• Student: Individuals enrolled in an academic program at the graduate level and pursuing either a veterinary degree or PhD in reproductive physiology. Academic status must be verified annually by an academic advisor or a Professional Member. Student Members are not eligible to vote or hold office in the Association. Following graduation, former Student Members are eligible to become Professional Members at half of the cost of the Professional Membership for one year only.

This change in membership classification simplifies our current method and makes it easily distinguishable with less redundancy.

This letter is to inform you of a By-Laws change that will be proposed at the 2019 annual convention in Colorado Springs, Colorado, October 24-26, 2019. We hope you understand and can identify with this proposal. Please reach out to board members with questions you may have.

Sincerely,

AETA Board of Directors

Save the date for the 2019 AETA-CETA/ACTE Joint Annual Convention!

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Published on: July 26, 2019

The 2019 AETA-CETA/ACTE Joint Annual Convention will be held from October 24–26, 2019, in Colorado Springs, Colorado. The conference will take place at the Cheyenne Mountain Resort.

All of the AETA scientific, social and exhibitor information can be found on the AETA Annual Convention page as it becomes available. Check back often!

Colorado Springs is a wonderful city to hold this convention. Below you will find some links to help you plan your stay.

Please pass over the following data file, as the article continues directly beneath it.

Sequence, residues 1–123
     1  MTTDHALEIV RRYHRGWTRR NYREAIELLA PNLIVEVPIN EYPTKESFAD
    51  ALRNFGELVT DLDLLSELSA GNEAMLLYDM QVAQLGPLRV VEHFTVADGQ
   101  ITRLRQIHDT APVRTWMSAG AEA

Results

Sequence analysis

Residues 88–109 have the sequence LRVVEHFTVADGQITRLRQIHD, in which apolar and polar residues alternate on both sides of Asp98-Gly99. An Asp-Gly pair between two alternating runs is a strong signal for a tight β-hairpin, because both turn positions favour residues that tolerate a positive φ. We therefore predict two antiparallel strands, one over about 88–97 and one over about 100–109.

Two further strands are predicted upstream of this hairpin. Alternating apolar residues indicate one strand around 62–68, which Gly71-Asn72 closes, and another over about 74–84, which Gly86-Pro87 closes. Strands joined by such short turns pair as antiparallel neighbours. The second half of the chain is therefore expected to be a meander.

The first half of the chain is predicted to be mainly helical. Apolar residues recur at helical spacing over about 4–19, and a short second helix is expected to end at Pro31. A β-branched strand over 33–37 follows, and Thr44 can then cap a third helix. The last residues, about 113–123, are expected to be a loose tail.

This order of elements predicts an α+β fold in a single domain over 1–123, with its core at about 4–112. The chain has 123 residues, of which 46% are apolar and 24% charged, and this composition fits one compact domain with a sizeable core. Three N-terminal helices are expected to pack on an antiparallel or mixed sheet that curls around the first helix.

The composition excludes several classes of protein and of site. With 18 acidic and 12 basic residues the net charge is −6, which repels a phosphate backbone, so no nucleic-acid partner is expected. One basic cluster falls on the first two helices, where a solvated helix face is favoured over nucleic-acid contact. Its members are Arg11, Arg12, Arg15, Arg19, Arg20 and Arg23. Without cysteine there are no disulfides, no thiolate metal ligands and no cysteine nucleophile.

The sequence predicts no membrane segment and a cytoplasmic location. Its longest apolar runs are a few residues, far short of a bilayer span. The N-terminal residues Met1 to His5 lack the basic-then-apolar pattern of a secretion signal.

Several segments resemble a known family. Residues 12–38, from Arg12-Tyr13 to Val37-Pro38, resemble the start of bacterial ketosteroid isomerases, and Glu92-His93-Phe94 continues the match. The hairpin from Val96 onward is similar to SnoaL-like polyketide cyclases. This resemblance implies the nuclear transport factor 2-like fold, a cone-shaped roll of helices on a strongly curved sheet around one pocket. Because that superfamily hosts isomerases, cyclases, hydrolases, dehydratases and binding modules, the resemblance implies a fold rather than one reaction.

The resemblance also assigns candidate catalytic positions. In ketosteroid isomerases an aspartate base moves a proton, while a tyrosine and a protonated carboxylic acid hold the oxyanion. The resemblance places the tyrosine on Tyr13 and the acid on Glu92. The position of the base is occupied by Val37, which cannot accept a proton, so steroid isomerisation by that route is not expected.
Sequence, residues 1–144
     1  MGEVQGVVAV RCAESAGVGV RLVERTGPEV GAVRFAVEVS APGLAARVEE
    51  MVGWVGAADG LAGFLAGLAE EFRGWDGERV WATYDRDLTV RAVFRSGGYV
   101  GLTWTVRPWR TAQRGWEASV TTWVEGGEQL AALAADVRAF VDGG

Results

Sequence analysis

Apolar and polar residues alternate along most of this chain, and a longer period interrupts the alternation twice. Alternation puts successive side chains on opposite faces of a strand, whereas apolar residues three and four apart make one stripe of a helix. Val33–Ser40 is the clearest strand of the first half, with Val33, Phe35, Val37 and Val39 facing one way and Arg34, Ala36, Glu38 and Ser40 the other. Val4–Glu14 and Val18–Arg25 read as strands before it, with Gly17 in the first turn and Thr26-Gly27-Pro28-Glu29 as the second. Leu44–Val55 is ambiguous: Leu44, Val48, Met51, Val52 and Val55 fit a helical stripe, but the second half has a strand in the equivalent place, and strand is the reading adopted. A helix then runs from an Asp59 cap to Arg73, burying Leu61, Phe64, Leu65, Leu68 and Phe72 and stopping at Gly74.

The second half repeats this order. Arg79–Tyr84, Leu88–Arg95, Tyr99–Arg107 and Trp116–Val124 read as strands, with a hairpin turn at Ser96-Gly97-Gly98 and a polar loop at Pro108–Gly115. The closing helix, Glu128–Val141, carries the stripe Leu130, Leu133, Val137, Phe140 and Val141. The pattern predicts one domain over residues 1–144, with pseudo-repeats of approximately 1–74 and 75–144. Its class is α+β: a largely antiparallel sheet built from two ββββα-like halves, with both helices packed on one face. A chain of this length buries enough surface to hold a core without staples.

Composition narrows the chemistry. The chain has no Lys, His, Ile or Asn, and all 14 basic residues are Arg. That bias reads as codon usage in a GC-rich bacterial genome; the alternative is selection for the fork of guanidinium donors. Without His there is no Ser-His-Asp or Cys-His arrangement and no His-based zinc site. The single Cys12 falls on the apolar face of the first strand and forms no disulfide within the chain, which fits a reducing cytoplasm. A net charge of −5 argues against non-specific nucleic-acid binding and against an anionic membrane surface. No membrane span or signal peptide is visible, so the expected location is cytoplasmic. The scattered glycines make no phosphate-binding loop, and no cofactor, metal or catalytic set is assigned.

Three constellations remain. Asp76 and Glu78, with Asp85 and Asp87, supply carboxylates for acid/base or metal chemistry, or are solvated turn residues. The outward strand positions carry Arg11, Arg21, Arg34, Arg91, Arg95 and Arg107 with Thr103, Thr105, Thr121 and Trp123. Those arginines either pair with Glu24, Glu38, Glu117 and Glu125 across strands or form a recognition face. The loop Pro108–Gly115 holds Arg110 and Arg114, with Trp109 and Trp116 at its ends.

Garden of the Gods
Pikes Peak Region
Olympic Training Center
Cheyenne Mountain Zoo

This is a very small list of the many attractions that Colorado Springs has to offer. Please check out Visit Colorado Springs to customize your stay.

We look forward to seeing you all in beautiful Colorado in October!

Sincerely,

AETA

Recap: AETA/AASRP 2019 Small Ruminant Embryo Transfer Seminar

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Published on: July 26, 2019

The AETA/AASRP 2019 Small Ruminant Embryo Transfer Seminar was held June 19 to 22, 2019, at The Ohio State University Large Animal Services satellite veterinary teaching hospital in Marysville, Ohio. The meeting was organized by Dr. Eric Gordon.

The course started on Wednesday, June 19, with a review of small ruminant reproductive physiology by Dr. Sherri Clark. Dr. Bill Croushore and Dr. Dave Dixon discussed embryos processing, grading, and cryopreservation. Drs. Mattes and Shipley discussed embryo collection, anesthesia, and sync methods as well as more reproductive physiology and handling of semen. Later in the day, a goat was surgically flushed as a demonstration.

On Thursday, June 20, and Friday, June 21, course participants broke out into teams of three and flushed three goats or sheep each day. All flushing occurred under gas anesthesia. After each flush, the teams searched embryos, and viable embryos were cryopreserved. Later in the day, Dr. Shipley discussed semen collection and cryopreservation. He also elaborated on reproductive physiology. On Saturday, June 22, teams of three practitioners each laparoscopically inseminated three ewes.

The meeting went very well, and it is felt that participants were quite satisfied with the value of this course. Dr. Eric Gordon at OSU CVM at Marysville deserves a huge thank you for his efforts in bringing this course together and in convincing clients to provide animals to flush. Dr. Justin Kieffer with OSU Animal Science was a huge help in bringing in his technician staff and in assisting with planning for animal usage in this CE meeting and for providing, via the animal science department, some of the animals used.

Preliminary trials of a specific gravity technique in the determination of early embryo growth potential†

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Published on: July 26, 2019

Read full article here

S.D. Prien,1,2,* C.E. Wessels,2 and L.L. Penrose1

. 2015 Sep; 30(9): 2076–2083.
Published online 2015 Jul 22. doi: 10.1093/humrep/dev178